Do you remember the grand unveiling of streaming service OnLive last year? It promised people with low end rigs the ability to play titles like Crysis and Grand Theft Auto IV without having to upgrade their systems, all because of a little something known as cloud based streaming. And all of this would leave the plyer poorer by only a very negligible amount.
Well, OnLive had a subdued launch earlier this year, and unlike when the service was first demoed, there weren’t any games on offer that really could potentially tax your machine. This is because OnLive as a service isn’t meant for high end games like Crysis, OnLive CEO Steve Perlman says.
However, he goes on to add that the serivce, which launched in the US last month, has done very well, with the number of subscirptions far exceeding any initial projections they might have had.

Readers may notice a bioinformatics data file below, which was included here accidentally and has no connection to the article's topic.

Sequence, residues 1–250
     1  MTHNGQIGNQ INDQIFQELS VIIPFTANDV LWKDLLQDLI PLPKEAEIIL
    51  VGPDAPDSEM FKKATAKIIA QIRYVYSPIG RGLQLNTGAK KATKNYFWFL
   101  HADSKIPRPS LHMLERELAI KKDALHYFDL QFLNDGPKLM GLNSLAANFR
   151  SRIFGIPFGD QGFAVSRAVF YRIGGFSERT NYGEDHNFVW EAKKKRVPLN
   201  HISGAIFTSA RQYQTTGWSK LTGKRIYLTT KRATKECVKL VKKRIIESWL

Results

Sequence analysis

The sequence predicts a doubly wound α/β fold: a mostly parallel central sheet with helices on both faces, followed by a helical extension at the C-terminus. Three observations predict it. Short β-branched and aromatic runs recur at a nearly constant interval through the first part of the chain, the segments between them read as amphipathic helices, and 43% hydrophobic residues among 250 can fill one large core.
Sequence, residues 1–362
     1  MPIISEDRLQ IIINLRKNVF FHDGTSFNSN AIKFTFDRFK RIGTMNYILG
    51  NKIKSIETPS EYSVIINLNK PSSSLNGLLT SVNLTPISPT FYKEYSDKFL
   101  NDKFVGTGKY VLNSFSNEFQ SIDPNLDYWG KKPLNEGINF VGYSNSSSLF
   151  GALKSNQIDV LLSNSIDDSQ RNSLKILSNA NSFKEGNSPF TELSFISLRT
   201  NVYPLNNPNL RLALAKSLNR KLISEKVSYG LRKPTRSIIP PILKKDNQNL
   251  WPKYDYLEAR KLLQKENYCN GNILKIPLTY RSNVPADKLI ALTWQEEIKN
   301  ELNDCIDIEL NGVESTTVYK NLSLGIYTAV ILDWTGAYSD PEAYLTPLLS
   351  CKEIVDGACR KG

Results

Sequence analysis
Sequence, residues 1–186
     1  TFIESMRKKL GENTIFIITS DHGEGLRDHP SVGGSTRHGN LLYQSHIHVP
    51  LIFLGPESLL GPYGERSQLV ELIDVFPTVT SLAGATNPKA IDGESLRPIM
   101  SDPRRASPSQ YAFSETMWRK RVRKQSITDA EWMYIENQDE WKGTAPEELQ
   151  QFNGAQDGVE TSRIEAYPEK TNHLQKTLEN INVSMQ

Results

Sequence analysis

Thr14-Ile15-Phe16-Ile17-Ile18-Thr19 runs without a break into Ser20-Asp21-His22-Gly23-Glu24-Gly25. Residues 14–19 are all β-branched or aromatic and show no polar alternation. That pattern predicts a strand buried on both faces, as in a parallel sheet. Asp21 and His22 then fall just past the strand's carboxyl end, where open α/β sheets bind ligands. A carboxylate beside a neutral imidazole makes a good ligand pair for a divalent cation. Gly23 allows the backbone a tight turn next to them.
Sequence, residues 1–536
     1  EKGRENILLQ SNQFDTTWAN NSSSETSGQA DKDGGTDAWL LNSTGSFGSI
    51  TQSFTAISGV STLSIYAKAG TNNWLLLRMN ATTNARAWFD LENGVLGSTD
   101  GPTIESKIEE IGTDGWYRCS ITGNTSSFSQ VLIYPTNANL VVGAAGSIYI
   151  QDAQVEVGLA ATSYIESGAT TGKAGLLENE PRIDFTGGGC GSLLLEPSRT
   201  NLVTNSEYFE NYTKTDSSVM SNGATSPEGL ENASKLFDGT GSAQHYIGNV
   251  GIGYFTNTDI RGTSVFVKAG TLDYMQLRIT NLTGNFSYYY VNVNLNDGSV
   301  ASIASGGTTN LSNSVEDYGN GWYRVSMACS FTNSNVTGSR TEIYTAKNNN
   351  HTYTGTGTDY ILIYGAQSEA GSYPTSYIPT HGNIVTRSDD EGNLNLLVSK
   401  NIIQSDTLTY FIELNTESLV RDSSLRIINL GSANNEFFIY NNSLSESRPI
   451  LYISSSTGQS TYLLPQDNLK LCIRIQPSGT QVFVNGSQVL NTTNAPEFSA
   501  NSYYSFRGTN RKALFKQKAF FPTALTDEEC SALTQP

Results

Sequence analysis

As per him, OnLive is best used for the lower and middle rung games. As far as high end games are concerned, it’s best to use OnLive as a ‘demo service.’
“If you’re a hardcore gamer and you’ve got a big rig and you want the highest quality graphics then OnLive is not the place where you’re going to play your high-end game,” he admitted.
“Then again, to not have a huge download in order to trial something before you make the purchase decision, why not? Just click OnLive and give it a go. If you like it, terrific. Download the thing from Steam or order a copy on DVD.”
Well, this kind of defeats the purpose. I don’t own a super rig, wich means playing stuff like Metro 2033 is out of the question for me. If OnLive could have enabled me to have a proper experience of playing these games, I’d have been happy, and I would have gone for it without any hesitation. As it stands now, though, OnLive can only give me access to that which I already have.